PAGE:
I recently came across another task/list management web application called Gubb. Now, as you all know, I’m a hardcore Remember The Milk fan. I’ve written extensively about it’s Smart Lists and Tags, but that doesn’t mean I’m going to ignore a good thing when I see it. Also, it seems there are some core features lacking in Remember The Milk, that are pretty important to some people. Here are a few features that Gubb has that are missing from RTM:
Ubiquity is a new Firefox add-on that attempts to fix problems with the usability of the web. Developers and users alike can extend the web as they see fit. It allows you to control the web using regular language.
With search, you type what you want to find. With Ubiquity, you type what you want to do.
Here are a few ways that this new Firefox add-on can help you get things done and boost your productivity.
Schedule an Appointment
You can easily add an event to your Google Calendar using the add-to-calendar command. Simply describe your task in plain english:
add-to-calendar lunch with Louis and Scoble on Thursday
Check Your Calendar
Make sure you’re available for upcoming events with the check-calendar:
Fire Off an Email
Sometimes I keep Gmail open in case I need to send an email real quick, but that’s no good for staying focused and on task. Ubiquity gives us the email command to make the process easier. Send a quick message by specifying a message and a contact from Gmail:
email Rahsheen is an awesome musician. Check him out. to Diddy
You can also select text and images from the page you’re on and do something like:
email this to Kyle
Add a Task to Remember The Milk
Being somewhat of a Remember The Milk fanatic, the first thing I looked for was a way to add tasks to my list. Google led me to this command:
rtm Finish mixing new song
Send a Message on Twitter
It’s possible that some people use Twitter to accomplish things besides broadcasting when they create a new blog post. For those people, you can use Ubiquity to send a tweet like this:
twitter I just ate a mango
Tying it All Together
Visit Mozilla Labs for an Introduction to Ubiquity. I recommend watching the video first. It doesn’t really make sense until you see it in action.
All of the commands above are included with Ubiquity except for the Remember The Milk command, which you can find in the Ubiquity Wiki. You’ll also find a plethora of other commands for your perusal.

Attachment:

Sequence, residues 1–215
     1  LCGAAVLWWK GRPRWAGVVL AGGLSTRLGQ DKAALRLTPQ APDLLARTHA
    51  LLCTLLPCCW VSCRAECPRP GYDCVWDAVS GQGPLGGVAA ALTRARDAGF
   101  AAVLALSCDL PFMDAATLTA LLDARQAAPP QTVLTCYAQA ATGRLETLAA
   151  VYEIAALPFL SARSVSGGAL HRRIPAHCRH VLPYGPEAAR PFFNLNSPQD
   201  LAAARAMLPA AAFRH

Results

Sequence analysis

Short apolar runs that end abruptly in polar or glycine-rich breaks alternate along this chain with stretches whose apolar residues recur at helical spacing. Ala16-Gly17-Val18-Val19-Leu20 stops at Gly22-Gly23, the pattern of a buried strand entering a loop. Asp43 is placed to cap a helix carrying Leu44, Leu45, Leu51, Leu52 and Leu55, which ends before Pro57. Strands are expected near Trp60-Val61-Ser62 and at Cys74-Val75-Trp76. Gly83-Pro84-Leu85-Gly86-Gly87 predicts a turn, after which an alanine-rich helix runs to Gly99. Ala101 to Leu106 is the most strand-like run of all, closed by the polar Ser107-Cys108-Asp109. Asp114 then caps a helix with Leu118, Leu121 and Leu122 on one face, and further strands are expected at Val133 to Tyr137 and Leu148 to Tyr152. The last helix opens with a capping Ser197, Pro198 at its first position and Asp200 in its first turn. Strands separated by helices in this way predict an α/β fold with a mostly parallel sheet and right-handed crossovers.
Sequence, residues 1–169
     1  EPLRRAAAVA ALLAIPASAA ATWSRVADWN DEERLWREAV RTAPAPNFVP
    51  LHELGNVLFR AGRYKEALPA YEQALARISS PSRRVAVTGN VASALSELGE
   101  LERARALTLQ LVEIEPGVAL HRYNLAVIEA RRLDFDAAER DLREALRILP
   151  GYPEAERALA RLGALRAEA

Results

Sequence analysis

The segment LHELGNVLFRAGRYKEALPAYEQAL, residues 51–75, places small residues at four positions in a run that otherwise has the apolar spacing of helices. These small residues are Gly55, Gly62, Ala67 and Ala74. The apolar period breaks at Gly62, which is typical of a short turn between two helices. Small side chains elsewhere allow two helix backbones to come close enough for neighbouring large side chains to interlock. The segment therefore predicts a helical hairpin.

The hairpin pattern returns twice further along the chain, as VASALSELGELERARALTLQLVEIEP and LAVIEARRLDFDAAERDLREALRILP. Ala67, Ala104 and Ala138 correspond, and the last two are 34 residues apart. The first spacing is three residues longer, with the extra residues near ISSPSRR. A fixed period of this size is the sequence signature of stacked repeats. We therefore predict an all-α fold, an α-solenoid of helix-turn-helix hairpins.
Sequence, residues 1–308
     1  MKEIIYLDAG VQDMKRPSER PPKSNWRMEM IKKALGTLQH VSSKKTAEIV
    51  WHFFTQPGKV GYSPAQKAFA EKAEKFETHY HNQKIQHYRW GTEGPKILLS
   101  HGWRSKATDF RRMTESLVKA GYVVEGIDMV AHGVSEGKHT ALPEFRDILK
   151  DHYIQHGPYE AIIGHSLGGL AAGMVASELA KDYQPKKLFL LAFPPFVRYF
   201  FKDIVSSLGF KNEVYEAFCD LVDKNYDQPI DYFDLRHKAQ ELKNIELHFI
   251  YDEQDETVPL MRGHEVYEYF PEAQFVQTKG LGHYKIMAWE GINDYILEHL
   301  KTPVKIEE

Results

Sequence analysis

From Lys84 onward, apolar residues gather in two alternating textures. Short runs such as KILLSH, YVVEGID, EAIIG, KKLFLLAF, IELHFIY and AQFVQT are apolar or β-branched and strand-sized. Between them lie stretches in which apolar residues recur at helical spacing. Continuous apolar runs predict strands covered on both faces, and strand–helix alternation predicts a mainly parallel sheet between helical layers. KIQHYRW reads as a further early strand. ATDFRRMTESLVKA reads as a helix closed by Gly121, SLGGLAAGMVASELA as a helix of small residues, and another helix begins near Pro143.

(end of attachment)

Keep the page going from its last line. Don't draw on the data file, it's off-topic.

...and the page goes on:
Installing new commands is as simple as visiting a web page once you have the add-on installed.
Are you already using Ubiquity to increase your productivity? Tell me about it.
I recently noticed a shared item from Google Reader in my FriendFeed that I hoped would solve a major issue I’ve had with keeping up with things. I have Remember The Milk for storing my To Do items and Google Calendar for keeping track of dated events. I even have a slick method for capturing events and items via my desktop launcher. I should be on top of things. But there is a piece missing.
Google Calendar allows alerts via Email, Pop-ups, and SMS. This should work out great, except that I don’t have SMS right now, I don’t keep GCal open, and I don’t have a method to notify me of new mail on my desktop. I have Remember The Milk set up to notify me via Google Talk of upcoming items, but there is still a chance I may ignore the new chat window (sometimes I get a little caught up in FriendFeed).
Snarl, in combination with Pidgin, actually provides me the best solution. I always have Pidgin running to handle various communications needs (Yahoo/AIM/GTalk/IRC/Jabber), so it makes perfect sense for my notifications system to center around it.
All I had to do was:
- Install Snarl
- Install the Snarl Extension for Pidgin, PidginSnarl
- Make sure my GTalk Account in Pidgin was set for Email Notifications
- And enjoy the Snarly goodness!
Here is a screenshot of the types of notifications I get from Pidgin now:
As you can see, I now receive notifications about new email messages, including reminders of how many new emails I have. As an added benefit, I can monitor Identi.ca and other messaging services without actually switching to the Pidgin window.
This means I spend more time on task and doing what I should be doing, and less time playin on Identi.ca. I no longer miss those important podcasts I keep adding to my calendar because I’ll get a desktop notification. I will also recieve new IM’s from Remember The Milk directly to my desktop.
Don’t forget to check out the other extensions available at the Snarl homepage (FireSnarl, for instance).
Did I explain this poorly? Do you have any experience with Snarl or Pidgin that you would like to share? How do you handle notifications to make sure you don’t miss things?
In my post, Remember The Milk: Posting Directly from Your Desktop, we covered how to add items to Remember The Milk using the popular desktop launcher Launchy. This provides us with a lightning-quick way to capture tasks and ideas without interrupting whatever we may currently be working on.
With a simple tweak, we can actually make this setup just a little more useful by allowing us to add tags to the items we are sending to RTM.
Here is the command-line we are currently using for “blat” to email RTM:
– -body ” ” -subject “$$” -to <unique key>@rmilk.com -u <gmail username> -pw <gmail pass> -f <gmail username> -server 127.0.0.1:1099